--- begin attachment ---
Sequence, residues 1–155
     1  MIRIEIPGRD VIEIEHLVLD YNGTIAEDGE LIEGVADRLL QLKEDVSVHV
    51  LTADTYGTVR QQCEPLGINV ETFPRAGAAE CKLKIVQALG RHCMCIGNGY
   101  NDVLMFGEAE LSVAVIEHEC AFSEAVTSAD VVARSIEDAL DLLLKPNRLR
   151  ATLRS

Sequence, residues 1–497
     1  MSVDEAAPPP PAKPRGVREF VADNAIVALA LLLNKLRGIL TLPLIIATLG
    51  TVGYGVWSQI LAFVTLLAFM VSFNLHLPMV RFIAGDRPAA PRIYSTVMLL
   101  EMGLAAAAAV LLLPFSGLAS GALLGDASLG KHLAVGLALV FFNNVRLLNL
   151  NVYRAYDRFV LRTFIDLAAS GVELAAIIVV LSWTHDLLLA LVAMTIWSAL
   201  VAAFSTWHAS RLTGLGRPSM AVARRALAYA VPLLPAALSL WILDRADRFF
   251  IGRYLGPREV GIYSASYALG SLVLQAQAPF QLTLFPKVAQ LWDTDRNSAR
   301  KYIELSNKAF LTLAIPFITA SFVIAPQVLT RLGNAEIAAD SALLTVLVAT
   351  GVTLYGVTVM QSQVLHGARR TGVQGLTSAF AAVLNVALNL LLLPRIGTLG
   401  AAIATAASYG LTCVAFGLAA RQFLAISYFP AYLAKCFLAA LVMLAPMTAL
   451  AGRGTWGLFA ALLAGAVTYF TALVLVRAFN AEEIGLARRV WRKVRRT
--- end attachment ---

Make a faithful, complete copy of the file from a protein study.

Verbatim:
Sequence, residues 1–155
     1  MIRIEIPGRD VIEIEHLVLD YNGTIAEDGE LIEGVADRLL QLKEDVSVHV
    51  LTADTYGTVR QQCEPLGINV ETFPRAGAAE CKLKIVQALG RHCMCIGNGY
   101  NDVLMFGEAE LSVAVIEHEC AFSEAVTSAD VVARSIEDAL DLLLKPNRLR
   151  ATLRS

Sequence, residues 1–497
     1  MSVDEAAPPP PAKPRGVREF VADNAIVALA LLLNKLRGIL TLPLIIATLG
    51  TVGYGVWSQI LAFVTLLAFM VSFNLHLPMV RFIAGDRPAA PRIYSTVMLL
   101  EMGLAAAAAV LLLPFSGLAS GALLGDASLG KHLAVGLALV FFNNVRLLNL
   151  NVYRAYDRFV LRTFIDLAAS GVELAAIIVV LSWTHDLLLA LVAMTIWSAL
   201  VAAFSTWHAS RLTGLGRPSM AVARRALAYA VPLLPAALSL WILDRADRFF
   251  IGRYLGPREV GIYSASYALG SLVLQAQAPF QLTLFPKVAQ LWDTDRNSAR
   301  KYIELSNKAF LTLAIPFITA SFVIAPQVLT RLGNAEIAAD SALLTVLVAT
   351  GVTLYGVTVM QSQVLHGARR TGVQGLTSAF AAVLNVALNL LLLPRIGTLG
   401  AAIATAASYG LTCVAFGLAA RQFLAISYFP AYLAKCFLAA LVMLAPMTAL
   451  AGRGTWGLFA ALLAGAVTYF TALVLVRAFN AEEIGLARRV WRKVRRT